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F E Smith
F E Smith, Advocate
Category: Family Law
Satisfied Customers: 9778
Experience:  I have been practising for 30 years.
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I am looking to add my partner to my mortgage and deeds? I

Customer Question

Hi
I am looking to add my partner to my mortgage and deeds? I have owned this house solely for the last 9 years and had the mortgage on my own. I have been with my partner for around ten years and he has lived with me for the past 8 years. I have spoken to a solicitor who is drawing up a deed of trust to protect my equity. Then moving forward everything else will be 50/50. To add his name to the mortgage is straight forward . However I now need to add his name to the deeds. I have received a quote for £1250 with the possibility of having to pay stamp duty as well . So in total to do this is around £14k. Therefore I am thinking would the deed of trust be sufficient and valid if we do not add his name. As I want to protect my equity but also want to protect my partner as well,
thanks
Ruth
Submitted: 5 months ago.
Category: Family Law
Expert:  F E Smith replied 5 months ago.

Thank you for your question - are there any children at all?

Customer: replied 5 months ago.
No children - he has two from a previous marriage they are both adults now
Customer: replied 5 months ago.
Hi - are you till looking into this one please? thanks
Expert:  F E Smith replied 5 months ago.

I apologise for the delay in getting back to you. Blame weekend. I will be off-line now until later.

If you add your partner to the deeds of your house, the lender is probably going to insist that your partner is also added to the mortgage. That would give your partner liability for the full mortgage along with you.

If he puts nothing into the property and there is no agreement as to what will happen when the property is eventually sold, then the proceeds are split 50-50. If you therefore want to preserve your equity, you need a deed of trust to reflect your individual shares and preferably a cohabitation agreement to prevent him claiming an equitable share by virtue of any money which he alleges he has paid the house.

I know you didn’t ask about any of that but it’s worth mentioning in case you haven’t thought about it. Of course, you may not be bothered.

There may be stamp duty to pay on the transfer from 2 names to one name and that is based upon the amount of mortgage. If the mortgage is under £250,000, there is no stamp duty to pay. It is based upon half of the mortgage and half of that mortgage is under the stamp duty threshold.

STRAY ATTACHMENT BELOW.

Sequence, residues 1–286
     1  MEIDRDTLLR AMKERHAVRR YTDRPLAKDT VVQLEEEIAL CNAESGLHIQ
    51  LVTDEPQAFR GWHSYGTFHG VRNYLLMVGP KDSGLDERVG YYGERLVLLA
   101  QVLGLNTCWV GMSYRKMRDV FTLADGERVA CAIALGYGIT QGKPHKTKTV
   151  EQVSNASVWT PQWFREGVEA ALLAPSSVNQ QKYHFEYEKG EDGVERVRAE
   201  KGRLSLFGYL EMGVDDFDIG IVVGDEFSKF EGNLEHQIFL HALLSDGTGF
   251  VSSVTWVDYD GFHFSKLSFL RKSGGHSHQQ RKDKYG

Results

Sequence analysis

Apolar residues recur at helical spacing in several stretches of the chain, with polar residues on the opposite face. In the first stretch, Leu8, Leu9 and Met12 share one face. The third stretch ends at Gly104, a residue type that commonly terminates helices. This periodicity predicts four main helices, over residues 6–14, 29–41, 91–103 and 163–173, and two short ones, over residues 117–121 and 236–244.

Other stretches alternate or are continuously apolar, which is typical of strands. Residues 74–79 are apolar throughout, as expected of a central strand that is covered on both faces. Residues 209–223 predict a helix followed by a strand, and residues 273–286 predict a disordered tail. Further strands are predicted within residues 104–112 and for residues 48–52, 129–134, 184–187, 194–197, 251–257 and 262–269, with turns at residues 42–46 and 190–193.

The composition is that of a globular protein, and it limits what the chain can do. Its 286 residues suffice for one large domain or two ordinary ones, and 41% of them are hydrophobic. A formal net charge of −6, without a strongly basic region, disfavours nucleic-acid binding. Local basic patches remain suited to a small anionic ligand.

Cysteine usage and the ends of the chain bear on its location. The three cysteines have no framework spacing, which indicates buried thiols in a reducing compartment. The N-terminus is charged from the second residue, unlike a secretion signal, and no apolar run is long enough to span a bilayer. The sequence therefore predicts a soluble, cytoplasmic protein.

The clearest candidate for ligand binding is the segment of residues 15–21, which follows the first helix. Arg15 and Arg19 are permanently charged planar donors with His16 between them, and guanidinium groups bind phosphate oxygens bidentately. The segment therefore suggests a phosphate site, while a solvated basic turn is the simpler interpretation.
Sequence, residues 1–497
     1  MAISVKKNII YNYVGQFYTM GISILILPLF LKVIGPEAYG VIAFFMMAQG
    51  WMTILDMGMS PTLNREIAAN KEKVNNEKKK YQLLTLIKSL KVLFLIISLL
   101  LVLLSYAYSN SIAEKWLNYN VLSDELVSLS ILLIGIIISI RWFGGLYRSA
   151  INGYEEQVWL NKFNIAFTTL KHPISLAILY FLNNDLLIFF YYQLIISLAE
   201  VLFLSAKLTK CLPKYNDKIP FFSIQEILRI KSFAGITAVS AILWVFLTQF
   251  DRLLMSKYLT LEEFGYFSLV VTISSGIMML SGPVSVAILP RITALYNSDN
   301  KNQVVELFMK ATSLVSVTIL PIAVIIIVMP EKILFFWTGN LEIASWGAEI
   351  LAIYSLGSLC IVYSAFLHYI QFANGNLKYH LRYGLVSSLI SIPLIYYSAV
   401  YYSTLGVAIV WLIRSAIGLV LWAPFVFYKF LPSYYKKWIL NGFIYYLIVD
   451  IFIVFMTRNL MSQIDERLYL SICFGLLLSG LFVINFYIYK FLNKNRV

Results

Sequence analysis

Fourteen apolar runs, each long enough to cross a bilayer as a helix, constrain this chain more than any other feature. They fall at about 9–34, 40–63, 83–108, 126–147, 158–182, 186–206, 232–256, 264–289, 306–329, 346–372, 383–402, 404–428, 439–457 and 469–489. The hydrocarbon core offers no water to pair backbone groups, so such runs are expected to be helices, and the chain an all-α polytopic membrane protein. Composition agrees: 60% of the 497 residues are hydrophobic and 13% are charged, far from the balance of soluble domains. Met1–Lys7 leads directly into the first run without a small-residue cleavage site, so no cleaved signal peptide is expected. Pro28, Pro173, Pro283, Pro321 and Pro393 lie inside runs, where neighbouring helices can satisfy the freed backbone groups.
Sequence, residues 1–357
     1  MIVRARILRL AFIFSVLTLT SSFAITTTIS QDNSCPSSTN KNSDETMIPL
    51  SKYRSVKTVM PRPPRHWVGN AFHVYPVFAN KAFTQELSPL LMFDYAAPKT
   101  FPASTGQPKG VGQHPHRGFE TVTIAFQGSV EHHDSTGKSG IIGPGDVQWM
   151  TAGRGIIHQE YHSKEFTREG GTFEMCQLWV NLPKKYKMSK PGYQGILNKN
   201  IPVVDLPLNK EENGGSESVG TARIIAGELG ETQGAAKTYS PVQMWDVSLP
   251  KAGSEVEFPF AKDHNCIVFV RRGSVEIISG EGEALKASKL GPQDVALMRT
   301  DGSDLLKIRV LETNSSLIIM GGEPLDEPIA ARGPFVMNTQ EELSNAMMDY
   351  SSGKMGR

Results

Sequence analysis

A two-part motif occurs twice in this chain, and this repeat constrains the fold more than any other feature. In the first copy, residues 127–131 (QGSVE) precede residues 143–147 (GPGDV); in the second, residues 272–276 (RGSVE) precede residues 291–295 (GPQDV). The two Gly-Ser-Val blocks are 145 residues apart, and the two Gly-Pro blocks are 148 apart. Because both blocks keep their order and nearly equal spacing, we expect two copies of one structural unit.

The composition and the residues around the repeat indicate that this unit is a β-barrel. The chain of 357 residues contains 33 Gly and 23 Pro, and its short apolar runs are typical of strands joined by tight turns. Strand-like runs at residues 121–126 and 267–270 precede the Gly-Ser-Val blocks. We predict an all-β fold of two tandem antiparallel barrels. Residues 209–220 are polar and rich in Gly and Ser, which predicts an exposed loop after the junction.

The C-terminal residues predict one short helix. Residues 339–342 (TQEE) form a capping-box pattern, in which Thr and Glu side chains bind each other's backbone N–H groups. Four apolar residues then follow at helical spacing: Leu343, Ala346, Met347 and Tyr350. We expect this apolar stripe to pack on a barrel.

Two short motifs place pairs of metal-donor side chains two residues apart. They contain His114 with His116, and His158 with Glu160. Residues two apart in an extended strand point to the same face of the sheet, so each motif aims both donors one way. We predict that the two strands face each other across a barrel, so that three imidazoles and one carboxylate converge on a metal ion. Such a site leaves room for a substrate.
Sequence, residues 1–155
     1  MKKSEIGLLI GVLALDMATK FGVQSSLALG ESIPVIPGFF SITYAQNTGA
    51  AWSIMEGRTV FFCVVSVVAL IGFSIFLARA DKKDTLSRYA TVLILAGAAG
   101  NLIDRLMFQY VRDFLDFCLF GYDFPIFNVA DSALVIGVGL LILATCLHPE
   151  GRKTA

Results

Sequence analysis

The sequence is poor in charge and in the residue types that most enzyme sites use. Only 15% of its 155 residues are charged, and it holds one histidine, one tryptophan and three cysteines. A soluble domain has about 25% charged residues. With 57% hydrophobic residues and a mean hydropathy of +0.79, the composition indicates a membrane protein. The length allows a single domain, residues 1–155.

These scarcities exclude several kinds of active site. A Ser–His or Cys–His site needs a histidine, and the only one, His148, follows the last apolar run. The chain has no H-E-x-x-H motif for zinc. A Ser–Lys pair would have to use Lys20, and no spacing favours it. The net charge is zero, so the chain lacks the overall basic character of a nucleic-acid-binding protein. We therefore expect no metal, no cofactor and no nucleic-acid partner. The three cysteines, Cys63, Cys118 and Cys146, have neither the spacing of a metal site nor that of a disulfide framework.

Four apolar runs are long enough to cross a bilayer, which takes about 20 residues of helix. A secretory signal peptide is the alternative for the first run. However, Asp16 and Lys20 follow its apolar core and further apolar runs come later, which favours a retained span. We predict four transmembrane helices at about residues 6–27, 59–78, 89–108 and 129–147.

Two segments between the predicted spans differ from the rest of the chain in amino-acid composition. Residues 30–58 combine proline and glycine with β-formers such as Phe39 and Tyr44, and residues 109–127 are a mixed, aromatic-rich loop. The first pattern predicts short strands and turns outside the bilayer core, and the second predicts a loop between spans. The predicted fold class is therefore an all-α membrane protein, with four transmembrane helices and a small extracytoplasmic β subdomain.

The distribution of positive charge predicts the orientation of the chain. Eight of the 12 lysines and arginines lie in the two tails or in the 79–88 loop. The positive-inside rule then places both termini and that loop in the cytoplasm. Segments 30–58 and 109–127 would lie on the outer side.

It depends what you want to achieve by putting the property into joint names as to whether it is what you want to do. If you want to make sure that your partner gets your share of the house in the event that you die, then it can be done with a simple will.

If you can tell me what you’re looking to ultimately achieve, I can then tell you how to go about it.

Customer: replied 5 months ago.
Thanks for your response, to add my partner to the mortgage is easy with Nat West- its the deeds which I am now thinking not to bother changing and to keep both the deeds and mortgage in my sole name.Would the deed of trust and cohabitation agreement that my solicitor is currently putting together be enough to protect both of us without changing the deeds "transfer of equity" on the house or the mortgage and just keep in my name.thanks
Ruth
Customer: replied 5 months ago.
HiBasically alI I am doing is looking to include my partner on my mortgage which is £180k everything will be split 50/50 from here on in. I am having a declaration of trust and co-habitation agreement drawn up to protect the £260k I have as equity in case we split up. My partner wants some security and wants to contribute to the house and obviously earn and profit we make 50/50 split.thanks
Ruth
Expert:  F E Smith replied 5 months ago.

Putting the property into joint names is one way of protecting both your interests but you may be giving away more than you want to preserve. You have more control over doing a deed of trust whereby you can dictate exactly what happens to the property during the course of your lives and by doing will which dictates exactly what happens to the property in the event that either of you die.

Once you transfer the deeds into joint names or effect a deed of trust, it cannot be unravelled without both of your consents.

In circumstances like yours, you would normally have a deed of trust which says that you get the first £180,000 (which you may want index linked) and that everything after that is split 50-50. You might want to also dictate in the trust who is responsible for the mortgage and the bills.

Can I clarify anything else for you?

Please take a moment to look at the top right hand corner of the page and rate my service by clicking one of the stars at the top of the screen. Then press Submit. Thank you. If you still need any point clarifying, I will still reply because the thread does not close.

Best wishes.

FES.

Customer: replied 5 months ago.
I only need the deed of trust then and not to bother with changing names on the house deeds and mortgage.my question is - is a deed of trust & will sufficient without having to add names to the mortgage and transfer of equity.I am protecting as a % £260k so it increases if the house value goes up - the remaining £180k is split 50/50 as is bills/mortgage etc all 50/50.Once you clarify I do not need to change the transfer of equity and mortgage then I can rate you.thanks
Ruth
Expert:  F E Smith replied 5 months ago.

In my opinion, yes, the deed of trust is sufficient BUT there should be a restriction on the property deeds to say that the Camino disposition unless the terms of the deed of trust to bring complied with. Otherwise, no one knows the trust exists.